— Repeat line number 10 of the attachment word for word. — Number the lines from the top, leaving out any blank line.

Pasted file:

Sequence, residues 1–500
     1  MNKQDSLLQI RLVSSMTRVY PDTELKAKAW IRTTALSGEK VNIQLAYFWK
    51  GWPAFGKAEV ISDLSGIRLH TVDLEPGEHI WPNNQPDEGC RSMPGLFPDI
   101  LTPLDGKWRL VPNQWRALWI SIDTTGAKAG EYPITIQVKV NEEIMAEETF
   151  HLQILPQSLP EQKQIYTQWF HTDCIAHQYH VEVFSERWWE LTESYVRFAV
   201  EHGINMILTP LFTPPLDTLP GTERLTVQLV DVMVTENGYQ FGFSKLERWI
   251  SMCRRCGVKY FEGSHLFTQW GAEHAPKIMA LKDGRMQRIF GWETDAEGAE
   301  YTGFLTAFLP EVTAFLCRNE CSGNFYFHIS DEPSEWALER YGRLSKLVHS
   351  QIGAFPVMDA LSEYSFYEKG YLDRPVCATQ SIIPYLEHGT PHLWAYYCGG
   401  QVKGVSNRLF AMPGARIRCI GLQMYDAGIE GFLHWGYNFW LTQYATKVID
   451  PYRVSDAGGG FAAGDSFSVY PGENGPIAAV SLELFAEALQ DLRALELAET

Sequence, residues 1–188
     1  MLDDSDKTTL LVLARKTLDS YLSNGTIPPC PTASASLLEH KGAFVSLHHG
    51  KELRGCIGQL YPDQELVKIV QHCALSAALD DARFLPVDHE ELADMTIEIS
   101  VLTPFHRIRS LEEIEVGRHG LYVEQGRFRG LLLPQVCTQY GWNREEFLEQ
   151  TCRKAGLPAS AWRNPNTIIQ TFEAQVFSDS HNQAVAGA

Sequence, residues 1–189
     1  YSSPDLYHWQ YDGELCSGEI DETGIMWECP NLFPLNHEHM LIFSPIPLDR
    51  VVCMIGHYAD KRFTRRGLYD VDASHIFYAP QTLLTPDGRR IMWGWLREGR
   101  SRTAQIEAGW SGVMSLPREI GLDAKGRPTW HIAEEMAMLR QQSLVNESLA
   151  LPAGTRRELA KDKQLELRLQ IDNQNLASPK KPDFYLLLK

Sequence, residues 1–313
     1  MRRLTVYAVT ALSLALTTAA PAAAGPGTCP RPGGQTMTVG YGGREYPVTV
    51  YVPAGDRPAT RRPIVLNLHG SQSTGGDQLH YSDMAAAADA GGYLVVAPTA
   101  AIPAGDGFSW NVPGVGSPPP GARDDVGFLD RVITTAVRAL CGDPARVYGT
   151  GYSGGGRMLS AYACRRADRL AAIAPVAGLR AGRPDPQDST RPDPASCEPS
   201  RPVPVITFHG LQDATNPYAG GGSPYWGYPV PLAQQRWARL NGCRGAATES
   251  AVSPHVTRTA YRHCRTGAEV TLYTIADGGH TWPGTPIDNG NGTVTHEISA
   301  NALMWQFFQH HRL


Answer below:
   401  QVKGVSNRLF AMPGARIRCI GLQMYDAGIE GFLHWGYNFW LTQYATKVID